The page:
Tahiti is a stereotypical South Pacific island (part of a larger group, actually) and despite the cliches associated with such destinations it is truly beautiful. Of course, we stayed in a resort - there's not much else for families - and despite this being an uncommon experience (for us) we had a marvellous time. Still, we wouldn't do it everywhere, or every holiday - but a few days here and there are very welcome.
So what was it about Papeete that we really liked? Well, a couple of things. Firstly, for the kids (mostly) each afternoon our resort had fish feeding in the resort lagoon. One of the resort employees would bring down a bucket load of fish food to attract the amazing tropical fish close to the shore where everyone could easily see them. Anyone could take part - the guy in charge would hand out fish food and anyone could get into the lagoon or feed the fish from the shore. Seeing the fish was amazing, and watching the reaction of the kids was priceless.
The second highlight of Papeete was a mode of transport called locally, Le Truck. For the uninitiated, most Pacific nations are not well off, despite the luxury resorts literally strung along their coastlines. French Polynesia is no exception. Many visitors to these idyllic locations never actually leave the resort, except to go to the airport on their return journey. So it comes as a bit of a surprise to find that the towns where the locals live are not at all like the resorts themselves. Papeete is, well, lived in. A bit run down, very casual and makeshift in parts, but well loved by the locals.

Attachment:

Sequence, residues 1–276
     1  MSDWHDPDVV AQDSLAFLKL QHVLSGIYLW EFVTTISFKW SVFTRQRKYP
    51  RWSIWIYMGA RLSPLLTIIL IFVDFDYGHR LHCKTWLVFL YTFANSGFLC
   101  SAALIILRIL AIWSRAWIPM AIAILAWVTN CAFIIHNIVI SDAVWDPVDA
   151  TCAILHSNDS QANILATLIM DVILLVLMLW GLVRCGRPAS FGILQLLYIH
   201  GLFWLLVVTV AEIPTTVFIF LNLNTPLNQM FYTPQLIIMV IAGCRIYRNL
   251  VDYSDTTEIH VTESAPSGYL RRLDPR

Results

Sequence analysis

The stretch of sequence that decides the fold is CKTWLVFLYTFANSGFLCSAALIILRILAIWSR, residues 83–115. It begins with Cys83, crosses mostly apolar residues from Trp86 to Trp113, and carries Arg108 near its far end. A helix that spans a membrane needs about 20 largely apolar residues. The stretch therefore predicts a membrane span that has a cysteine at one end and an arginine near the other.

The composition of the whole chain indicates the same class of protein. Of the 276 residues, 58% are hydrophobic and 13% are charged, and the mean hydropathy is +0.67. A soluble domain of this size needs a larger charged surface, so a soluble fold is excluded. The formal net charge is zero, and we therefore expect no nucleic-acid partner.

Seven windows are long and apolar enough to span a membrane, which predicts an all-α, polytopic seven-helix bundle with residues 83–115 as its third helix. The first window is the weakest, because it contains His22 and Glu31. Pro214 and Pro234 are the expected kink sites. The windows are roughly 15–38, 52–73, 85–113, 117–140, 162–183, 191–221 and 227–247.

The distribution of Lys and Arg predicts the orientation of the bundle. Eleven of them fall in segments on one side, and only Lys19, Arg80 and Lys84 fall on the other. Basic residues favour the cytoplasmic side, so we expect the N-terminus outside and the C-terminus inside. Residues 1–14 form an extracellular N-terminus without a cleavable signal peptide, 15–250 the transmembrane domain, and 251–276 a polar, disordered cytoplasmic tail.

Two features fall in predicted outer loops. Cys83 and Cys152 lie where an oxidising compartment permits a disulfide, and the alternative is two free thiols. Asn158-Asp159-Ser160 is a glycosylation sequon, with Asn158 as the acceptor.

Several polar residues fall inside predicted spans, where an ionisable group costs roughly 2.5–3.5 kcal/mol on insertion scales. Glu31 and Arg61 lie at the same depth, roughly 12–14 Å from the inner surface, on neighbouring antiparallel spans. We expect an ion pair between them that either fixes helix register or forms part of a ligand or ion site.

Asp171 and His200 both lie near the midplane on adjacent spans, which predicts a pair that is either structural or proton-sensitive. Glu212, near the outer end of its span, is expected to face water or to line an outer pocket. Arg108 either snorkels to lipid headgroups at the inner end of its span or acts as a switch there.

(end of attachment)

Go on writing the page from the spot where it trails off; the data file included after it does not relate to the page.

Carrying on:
For those, like us, whose resorts are on the outskirts of Papeete, Le Truck is the recommended public transport for getting into town and back again. With Le Truck, what you imagine is what you get - they haven't dressed it up with a misleading name. It is a truck, with an enclosed area behind the driver's cabin which has bench seats running down the length of the vehicle along either side, and down the middle. It costs the same no matter where you get on or off - I can't remember how much, but it wasn't much. There are no seatbelts. If you travel with an infant car seat, it would be useless to have it with you on Le Truck!
We managed to get on it alright - it was pointing in the right direction. You pay the driver through the window (or his friend in the passenger seat) and simply get on. There are no such niceties as tickets. You get off where you need to - but there are actual stops on the route. Coming back was a bit more interesting, though. I had to get some baguettes at a shop about half way into town (everything else was closed for Bastille Day), so I got off and Yvette took the kids back to the resort. The girls were worried that they might never see me again!
I bought the baguettes, and crossed back over the street to wait for the next Truck. I was joined by an older Tahitian woman, who asked me (our conversation was a mix of her halting English and my halting French) if I was waiting for Le Truck. I told her I was and we waited. She flagged it down as it approached, I paid the driver and got on. The woman didn't. She picked up her shopping and walked down the street.
I was amazed. She had actually waited to stop Le Truck so that I (clearly a stranger) could get on. Her hospitality was overwhelming and helpful! That's what I remember so vividly about Le Truck, and why, if I returned to Papeete some day I would prefer it as my transport and spurn the taxis every time.
Papeete was beautiful because the people were beautiful. The scenic marvels (coral reef fringed beaches, the spectacular sunset looking out across the water towards the island of Moorea etc.) were the icing on the cake. I think a lot of people get this the wrong way round and go for the natural wonders first. I guess it just depends on your holiday and the experiences that you have while there.
Air Travel Tips from Booking to Flying
8 months ago